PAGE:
“That kind of sparked the idea we had to get back, so we did,” Wilbanks says. They returned to the U.S. in April 2014. The process of relocating from overseas was just the first of many seismic caregiving changes. Much later, after Wilbanks had processed it all, she founded Sustainable Caregiving to help others navigate their journey.
Caregiving for an older adult can involve so many aspects: hands-on physical assistance, medication supervision, appointments and errand-running, maintaining a safe home environment, managing finances and preventing isolation and loneliness.
At first, for Wilbanks, when she learned her father’s identity had been stolen — twice — and that he was losing track of paying bills, like insurance, it meant she had to help take the reins and sort out the situation.
As her father’s health took a sudden downturn it hit her that caregiving had reached another dimension.
“When my dad had the stroke, that was the moment,” she says. “The hospital asked me to choose a rehab facility, so I went and visited a couple of them. Just all of a sudden, I realized that the weight of this was just crushing. I felt like I could make the wrong decision and make a mistake that would affect the rest of his life.”
When her father was discharged from the rehab facility she’d anxiously chosen, the case manager handed her a thick packet.
“She said, ‘It’s the resources you’re going to need,'” Wilbanks recalls. “So that night I’m home, in tears, going through all of them on the computer at midnight. I don’t know what he’s going to need. There were waiting lists for each one, so I just put him on all of them. At this point, I felt like I was completely in over my head. I was unprepared, overwhelmed and all alone.”
It’s not surprising that caregiving can lead to emotional fallout and burnout.
“Something I recognized later was that Dad was at one of the lowest points in his life, certainly after the stroke,” she says. “And I was at one of the lowest points in my life, because I felt completely out of control. I was in over my head and struggling with emotions: the trifecta of guilt, anger and resentment.”
Wilbanks had experienced a caregiving environment in her teens, as her parents provided care to one of her grandmothers, and later to another grandmother, in their home. At the time, she says, she didn’t truly comprehend the impact it had on her parents.
“I didn’t understand the stress they were under,” she says. “It was right in front of me and I didn’t see it.”
Decades later, while Wilbanks was now caring for her father, she came across journals he’d kept at the time he was caring for his 98-year-old mother. As she read selections aloud and they discussed them together, she was stunned at how frankly he described challenges he was going through — and how a lot of what he had written was what she was now actually feeling.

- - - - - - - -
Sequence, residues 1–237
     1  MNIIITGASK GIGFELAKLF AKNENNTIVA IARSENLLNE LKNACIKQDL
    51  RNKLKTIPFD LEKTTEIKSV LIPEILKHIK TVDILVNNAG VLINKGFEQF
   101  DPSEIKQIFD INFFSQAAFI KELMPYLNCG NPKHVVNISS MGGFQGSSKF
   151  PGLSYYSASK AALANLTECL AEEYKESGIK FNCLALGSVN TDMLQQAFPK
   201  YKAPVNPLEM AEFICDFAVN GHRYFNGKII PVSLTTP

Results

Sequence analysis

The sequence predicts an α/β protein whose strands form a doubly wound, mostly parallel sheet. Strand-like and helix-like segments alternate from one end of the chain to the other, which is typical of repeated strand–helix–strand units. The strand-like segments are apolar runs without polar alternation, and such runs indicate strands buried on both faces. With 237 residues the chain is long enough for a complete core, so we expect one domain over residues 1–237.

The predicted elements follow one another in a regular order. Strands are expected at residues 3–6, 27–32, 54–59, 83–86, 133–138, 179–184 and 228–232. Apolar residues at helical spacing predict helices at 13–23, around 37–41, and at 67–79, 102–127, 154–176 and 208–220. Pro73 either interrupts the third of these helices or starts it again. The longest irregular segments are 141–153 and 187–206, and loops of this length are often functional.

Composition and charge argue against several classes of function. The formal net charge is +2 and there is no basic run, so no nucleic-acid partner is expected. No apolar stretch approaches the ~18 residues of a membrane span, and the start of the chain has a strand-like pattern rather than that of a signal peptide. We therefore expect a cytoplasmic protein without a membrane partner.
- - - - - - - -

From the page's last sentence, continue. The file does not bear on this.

Wilbanks was also struck by the level of care her parents had provided to their elders.
“I was thinking: Did the caregiver gene skip me?” she says. “Because they handled all of this and I wasn’t aware. It was a lot of fear. I don’t know if I realized (at first) that I was a caregiver. Things just got really intense very quickly.”
Reaching Out to Other Caregivers
It’s important to own the fact that you’re a caregiver, Wilbanks says. Otherwise, it can be detrimental if you’re not looking ahead to the future and not having conversations with loved ones, gently bringing up delicate subjects, planning and preparing.
For instance, if you never settle issues like power of attorney, a parent’s medical care wishes might not be followed.
“Once I realized I was a caregiver, I began really trying to find resources,” Wilbanks says. “Not just for Dad, to look at the future and what he would need, but also for me and what I needed for emotional support and connection. There’s a validation void when we become a caregiver. There’s nobody around us who gets what we’re going through. We have to find new people who get what we’re going through, whether it’s a support group or just a counselor or therapist.”
From her experience, Wilbanks was inspired to help other family caregivers. She started her organization and wrote, “Navigating the Caregiver River: A Journey to Sustainable Caregiving.”
Sustainable Caregiving Tips
Wilbanks shares these strategies (fleshed out on the website and in a podcast series) for sustainable family caregiving:
— Set boundaries to protect your time, emotions, energy and capacity for compassion.
— Cultivate mindfulness to help you act rather than react.
— Re-imagine self-care and resume participating in your passions and interests.
— Let go of conflicts and futile attempts to control people, processes and outcomes.
— Let out your emotions by sharing or venting for release.
— Plan for how you intend to provide care or for unexpected events like hospital stays.
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What Is a Caregiver? What to Do When You Become the Family Caregiver originally appeared on usnews.com